The bottom line here is that the method that has been ensuring global peace is failing, and it seems like a war is going to be inevitable, above and beyond anything said here.

I've had my eyes on this for years now, and it keeps getting worse. Also I believe that as far as the stated reasons go, in the end the next big war is going to be fought over trade and economics. Though China itself has other motives like wanting more land for it's exploding population to inhabit.
 

Matt_LRR

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Andy Chalk said:
Matt_LRR said:
Andy Chalk said:
I'm interested that in your mention of Canada as a part of the 301 report, you didn't make any reference to Canda's own Bill C-32, introduced last month as the "Canadian Copyright Modernization act" to bring us in line with that report.
C-32 is a whole 'nother argument and while it's absolutely worth discussing, at least among Canadians, I didn't think it was relevant enough to this to bear getting sidetracked on.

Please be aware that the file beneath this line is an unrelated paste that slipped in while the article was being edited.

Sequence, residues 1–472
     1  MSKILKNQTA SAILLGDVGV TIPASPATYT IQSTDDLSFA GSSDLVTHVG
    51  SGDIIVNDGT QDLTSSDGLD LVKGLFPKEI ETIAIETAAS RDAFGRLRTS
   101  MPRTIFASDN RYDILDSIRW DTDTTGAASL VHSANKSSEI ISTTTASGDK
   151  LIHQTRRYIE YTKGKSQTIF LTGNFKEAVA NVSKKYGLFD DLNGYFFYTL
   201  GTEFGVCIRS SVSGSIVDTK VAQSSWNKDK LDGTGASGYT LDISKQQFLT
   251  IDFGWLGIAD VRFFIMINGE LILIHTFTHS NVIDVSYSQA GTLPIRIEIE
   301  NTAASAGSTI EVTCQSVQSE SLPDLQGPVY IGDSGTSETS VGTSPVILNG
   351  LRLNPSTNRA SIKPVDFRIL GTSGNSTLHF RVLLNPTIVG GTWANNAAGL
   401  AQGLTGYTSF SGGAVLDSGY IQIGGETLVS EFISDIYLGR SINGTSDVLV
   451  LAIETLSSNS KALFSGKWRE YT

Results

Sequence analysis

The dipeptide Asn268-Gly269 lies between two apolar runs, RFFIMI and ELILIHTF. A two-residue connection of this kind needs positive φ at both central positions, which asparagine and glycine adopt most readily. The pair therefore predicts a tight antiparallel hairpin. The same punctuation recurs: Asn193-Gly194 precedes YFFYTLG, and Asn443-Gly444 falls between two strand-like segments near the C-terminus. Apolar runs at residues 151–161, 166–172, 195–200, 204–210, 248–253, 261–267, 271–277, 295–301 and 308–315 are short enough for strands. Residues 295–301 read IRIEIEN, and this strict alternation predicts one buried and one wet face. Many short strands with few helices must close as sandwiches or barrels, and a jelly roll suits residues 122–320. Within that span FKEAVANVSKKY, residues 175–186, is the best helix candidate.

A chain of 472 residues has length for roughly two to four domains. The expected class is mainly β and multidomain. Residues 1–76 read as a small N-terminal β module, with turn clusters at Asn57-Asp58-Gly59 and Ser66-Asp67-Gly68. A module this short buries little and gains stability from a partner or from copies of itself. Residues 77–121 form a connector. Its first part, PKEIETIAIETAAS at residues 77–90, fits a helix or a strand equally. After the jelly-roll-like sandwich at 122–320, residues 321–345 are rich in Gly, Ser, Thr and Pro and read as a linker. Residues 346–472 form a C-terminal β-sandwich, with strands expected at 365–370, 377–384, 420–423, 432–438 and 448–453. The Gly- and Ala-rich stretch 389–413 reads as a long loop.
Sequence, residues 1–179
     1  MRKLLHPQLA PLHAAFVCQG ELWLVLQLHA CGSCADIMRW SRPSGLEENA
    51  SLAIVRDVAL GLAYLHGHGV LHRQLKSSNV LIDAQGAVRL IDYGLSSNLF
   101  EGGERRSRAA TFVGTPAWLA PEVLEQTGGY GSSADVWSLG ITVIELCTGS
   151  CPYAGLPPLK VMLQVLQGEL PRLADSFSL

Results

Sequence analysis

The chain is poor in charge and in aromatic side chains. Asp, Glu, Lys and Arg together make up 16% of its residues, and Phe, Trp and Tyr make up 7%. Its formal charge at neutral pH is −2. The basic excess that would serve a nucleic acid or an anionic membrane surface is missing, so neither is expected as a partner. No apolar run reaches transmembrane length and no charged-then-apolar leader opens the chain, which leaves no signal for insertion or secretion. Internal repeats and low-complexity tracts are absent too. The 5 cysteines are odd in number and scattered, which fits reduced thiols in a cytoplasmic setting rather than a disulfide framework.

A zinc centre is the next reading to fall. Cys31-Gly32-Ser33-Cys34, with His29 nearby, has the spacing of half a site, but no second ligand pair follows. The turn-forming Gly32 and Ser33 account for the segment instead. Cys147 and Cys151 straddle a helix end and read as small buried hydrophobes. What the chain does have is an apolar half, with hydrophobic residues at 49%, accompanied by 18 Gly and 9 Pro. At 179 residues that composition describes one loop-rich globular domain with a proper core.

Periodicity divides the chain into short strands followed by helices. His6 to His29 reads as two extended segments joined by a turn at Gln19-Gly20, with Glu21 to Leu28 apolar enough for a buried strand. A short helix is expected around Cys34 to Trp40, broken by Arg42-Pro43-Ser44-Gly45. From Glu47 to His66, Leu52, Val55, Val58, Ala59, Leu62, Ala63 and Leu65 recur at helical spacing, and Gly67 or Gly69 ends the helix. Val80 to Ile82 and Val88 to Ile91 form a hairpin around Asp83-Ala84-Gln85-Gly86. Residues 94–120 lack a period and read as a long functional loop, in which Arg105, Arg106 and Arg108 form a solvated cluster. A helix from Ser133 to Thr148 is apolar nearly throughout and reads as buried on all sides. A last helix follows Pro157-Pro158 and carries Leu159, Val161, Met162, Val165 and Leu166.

But, since you mentioned it, anyone who doubts the influence that the US can bring to bear on other nations need only look at the Canadian situation. US pressure is largely responsible for the government's dogged determination to update the country's copyright laws and bring them more in line with the US's vision of the modern era. And those laws are heavily slanted in favour of rightsholders - your average user is pretty much left out in the cold.
Which is a crying shame, because the bill is written in such a way as to say:

You, as a user, are allowed to:

1. make backup copies.
2. time shift
3. format shift
4. etc.

Oh, unless the content distributor locked it.

They came *so* close to actually passing meaningful reforms, and then took it all away in favour of corporate interest.

-m
 

Therumancer